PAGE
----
Bryce Harper will serve a three-game suspension starting Wednesday night. (Thearon W. Henderson/Getty Images)

SAN FRANCISCO — A decision came swiftly, as a day after Bryce Harper announced he would appeal his four-game suspension for fighting Giants reliever Hunter Strickland, Major League Baseball reduced that suspension to three games, according to people familiar with the situation. Harper will begin serving that suspension Wednesday evening and will therefore be eligible to return Sunday against the Athletics.

“Very happy,” Nationals Manager Dusty Baker said. “Not happy that it was three, but three is better than four.”

Everyone with the Nationals made a case against the suspension, which they did not feel appropriately considered the relative culpability of the parties involved. Had Harper not charged the mound, the argument went, Strickland would have gotten away with firing a 98 mph projectile at one of the game’s best players — though, of course, a less-talented target would not make the act any less troublesome.

Baker made his case publicly, saying he did not think the suspension was fair because the whole incident was not fair to Harper. General Manager Mike Rizzo made his case to the league office, efforts that seemed to work at least to some degree. In fact, Harper was the only one to stay mum about the fairness of the whole thing, stating only that it was up to the league and the players’ union, and his thoughts about what was fair and what wasn’t did not matter much. He was not available for comment before Wednesday’s game.

No corresponding alteration has been announced for Strickland’s suspension, which currently sits at six games. Ken Rosenthal of Fox Sports first reported Harper’s reduction, which has not been officially announced by the league. Because Strickland is a reliever, he will probably miss about three or four days of work — so three or four innings, generally speaking. Harper will miss 27 or so.

“We’re actually hurt more by this than they are,” Baker said.

The break might not be a terrible thing for Harper, who was 0 for 5 Tuesday night and is hitting .133 with a .493 on-base-plus-slugging percentage in his past 12 games.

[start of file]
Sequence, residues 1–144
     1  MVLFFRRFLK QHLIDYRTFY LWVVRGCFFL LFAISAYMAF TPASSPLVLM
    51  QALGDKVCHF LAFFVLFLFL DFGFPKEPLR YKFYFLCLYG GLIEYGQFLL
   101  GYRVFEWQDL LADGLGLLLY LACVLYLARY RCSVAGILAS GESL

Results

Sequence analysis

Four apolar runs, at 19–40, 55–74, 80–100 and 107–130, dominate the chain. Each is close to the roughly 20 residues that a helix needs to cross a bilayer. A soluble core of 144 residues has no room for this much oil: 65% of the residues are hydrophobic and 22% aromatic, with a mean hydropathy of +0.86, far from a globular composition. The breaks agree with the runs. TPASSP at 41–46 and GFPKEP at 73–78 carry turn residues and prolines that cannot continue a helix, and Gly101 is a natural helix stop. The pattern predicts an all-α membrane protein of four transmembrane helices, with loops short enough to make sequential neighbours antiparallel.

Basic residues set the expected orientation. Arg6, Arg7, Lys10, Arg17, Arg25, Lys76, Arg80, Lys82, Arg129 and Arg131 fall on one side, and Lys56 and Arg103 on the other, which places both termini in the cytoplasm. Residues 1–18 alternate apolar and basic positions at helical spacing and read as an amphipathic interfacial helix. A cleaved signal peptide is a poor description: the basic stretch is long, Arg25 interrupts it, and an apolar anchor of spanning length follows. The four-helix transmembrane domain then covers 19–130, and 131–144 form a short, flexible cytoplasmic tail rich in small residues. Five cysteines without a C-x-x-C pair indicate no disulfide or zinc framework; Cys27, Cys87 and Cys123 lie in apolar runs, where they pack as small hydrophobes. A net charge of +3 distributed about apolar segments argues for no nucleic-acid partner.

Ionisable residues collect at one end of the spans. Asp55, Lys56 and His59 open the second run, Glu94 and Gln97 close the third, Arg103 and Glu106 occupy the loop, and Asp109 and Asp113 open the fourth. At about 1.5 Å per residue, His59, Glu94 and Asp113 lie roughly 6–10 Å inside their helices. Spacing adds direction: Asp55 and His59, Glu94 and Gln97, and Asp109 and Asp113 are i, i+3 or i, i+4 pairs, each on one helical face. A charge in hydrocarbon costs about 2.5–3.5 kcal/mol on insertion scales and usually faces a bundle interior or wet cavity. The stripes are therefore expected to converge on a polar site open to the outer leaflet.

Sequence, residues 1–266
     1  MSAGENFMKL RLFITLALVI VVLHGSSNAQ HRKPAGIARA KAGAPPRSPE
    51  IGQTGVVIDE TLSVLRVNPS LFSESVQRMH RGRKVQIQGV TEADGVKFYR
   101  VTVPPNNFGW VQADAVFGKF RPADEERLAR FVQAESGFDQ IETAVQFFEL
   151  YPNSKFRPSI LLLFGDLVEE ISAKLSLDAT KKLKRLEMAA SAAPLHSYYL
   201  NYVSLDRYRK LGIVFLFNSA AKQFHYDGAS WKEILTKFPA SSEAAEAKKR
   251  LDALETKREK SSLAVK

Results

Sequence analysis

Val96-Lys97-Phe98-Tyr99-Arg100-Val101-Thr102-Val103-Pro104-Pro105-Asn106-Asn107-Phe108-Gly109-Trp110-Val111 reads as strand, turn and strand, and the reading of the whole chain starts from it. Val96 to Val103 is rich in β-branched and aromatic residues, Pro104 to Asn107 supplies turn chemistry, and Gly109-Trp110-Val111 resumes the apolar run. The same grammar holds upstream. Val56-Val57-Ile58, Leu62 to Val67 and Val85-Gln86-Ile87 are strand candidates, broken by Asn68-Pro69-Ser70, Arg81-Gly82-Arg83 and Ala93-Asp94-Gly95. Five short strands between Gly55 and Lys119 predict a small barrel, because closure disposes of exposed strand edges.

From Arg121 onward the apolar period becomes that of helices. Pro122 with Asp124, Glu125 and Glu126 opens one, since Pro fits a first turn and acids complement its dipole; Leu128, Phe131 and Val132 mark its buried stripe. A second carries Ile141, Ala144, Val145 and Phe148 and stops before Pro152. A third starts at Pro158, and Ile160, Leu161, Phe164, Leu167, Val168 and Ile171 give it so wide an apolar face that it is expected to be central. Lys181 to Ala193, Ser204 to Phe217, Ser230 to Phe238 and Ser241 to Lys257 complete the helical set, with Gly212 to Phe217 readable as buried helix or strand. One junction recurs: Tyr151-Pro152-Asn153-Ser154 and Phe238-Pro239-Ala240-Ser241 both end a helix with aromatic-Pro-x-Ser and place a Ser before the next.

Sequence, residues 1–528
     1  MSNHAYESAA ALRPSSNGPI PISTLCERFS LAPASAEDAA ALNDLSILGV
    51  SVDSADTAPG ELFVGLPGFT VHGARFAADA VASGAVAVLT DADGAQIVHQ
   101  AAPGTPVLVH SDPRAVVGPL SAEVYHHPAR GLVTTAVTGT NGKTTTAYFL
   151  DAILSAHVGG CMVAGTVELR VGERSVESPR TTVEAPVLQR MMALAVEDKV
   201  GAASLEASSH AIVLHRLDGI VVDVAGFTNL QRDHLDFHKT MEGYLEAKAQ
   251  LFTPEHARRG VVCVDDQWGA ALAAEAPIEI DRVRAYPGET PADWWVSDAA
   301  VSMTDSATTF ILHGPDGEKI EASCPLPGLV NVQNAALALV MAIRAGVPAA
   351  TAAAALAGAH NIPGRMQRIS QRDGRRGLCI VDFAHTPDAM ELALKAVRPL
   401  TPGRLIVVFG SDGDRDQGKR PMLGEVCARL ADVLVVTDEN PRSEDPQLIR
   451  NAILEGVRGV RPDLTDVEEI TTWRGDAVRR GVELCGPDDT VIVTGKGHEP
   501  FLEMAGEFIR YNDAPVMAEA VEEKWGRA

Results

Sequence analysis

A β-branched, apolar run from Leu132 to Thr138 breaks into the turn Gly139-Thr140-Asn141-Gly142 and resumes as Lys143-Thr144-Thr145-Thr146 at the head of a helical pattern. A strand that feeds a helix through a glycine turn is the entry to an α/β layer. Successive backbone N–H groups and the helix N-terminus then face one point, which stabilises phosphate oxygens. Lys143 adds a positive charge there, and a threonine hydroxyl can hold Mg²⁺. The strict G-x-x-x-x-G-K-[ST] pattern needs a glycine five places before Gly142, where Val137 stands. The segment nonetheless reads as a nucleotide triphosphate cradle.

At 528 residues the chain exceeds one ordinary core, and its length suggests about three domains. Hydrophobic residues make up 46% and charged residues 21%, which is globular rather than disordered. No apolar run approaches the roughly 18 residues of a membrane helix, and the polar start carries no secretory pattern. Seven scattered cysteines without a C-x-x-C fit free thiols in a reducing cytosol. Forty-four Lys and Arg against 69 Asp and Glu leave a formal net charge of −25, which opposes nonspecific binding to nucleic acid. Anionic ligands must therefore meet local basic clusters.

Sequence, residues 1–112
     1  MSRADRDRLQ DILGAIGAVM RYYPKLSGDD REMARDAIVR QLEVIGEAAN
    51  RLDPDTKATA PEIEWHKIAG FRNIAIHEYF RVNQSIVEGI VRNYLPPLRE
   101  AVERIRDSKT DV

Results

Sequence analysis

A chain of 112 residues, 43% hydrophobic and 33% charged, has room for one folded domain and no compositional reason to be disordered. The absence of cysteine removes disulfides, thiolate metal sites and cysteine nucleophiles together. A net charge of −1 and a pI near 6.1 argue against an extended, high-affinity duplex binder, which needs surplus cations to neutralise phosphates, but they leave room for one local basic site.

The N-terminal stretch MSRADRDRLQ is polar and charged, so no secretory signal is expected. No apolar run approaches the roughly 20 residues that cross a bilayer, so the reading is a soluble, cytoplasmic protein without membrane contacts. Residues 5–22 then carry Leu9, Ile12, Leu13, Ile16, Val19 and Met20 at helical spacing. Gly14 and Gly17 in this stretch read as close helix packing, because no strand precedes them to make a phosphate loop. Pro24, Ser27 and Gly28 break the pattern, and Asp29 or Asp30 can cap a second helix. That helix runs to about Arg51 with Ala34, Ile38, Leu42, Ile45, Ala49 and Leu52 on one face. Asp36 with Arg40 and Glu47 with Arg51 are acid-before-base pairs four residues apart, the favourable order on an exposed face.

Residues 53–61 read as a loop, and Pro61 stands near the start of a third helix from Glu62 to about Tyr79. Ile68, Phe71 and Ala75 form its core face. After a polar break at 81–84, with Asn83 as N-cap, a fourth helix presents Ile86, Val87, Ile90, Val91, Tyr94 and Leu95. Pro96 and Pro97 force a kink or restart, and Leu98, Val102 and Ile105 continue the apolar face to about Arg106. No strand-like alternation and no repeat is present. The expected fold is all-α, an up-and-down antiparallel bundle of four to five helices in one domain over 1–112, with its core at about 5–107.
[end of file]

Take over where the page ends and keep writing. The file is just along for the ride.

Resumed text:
“A day off is not only a physical day off, but it’s a mental day off,” Baker said. “… He didn’t want to miss the L.A. series, that’s why he took it here.”

It does leave the Nationals without their No. 3 hitter, meaning Ryan Zimmerman and Daniel Murphy will likely have to carry the load until Sunday, when the slugger is set to return.

It also leaves a hole in the Nationals’ outfield, which is short on depth as it is with Chris Heisey on the disabled list after rupturing his biceps. Heisey is on rehab assignment with Class AA Harrisburg and would be eligible to return from the disabled list on this trip. But without him, the Nationals are carrying just one extra outfielder — Brian Goodwin — along with Adam Lind, Wilmer Difo, and Stephen Drew. Lind and Difo have both played some outfield, but neither is natural to the position, so Baker’s options will be limited, barring an unexpected roster move. Baker said he plans to start Lind in one of these three games, despite the fact that right field in Oakland is, Baker explained, a difficult sun field for even experienced outfielders.

More Nationals:

Will the Nats retaliate? Did Harper’s punishment fit the crime?

Svrluga: Even the Giants thought Strickland crossed the line

Steinberg: Bryce Harper started it. Totally.

Sheinin: Baseball’s decorum police are fighting a losing battle

D.C. Sports Bog: Watch Harper charge the mound

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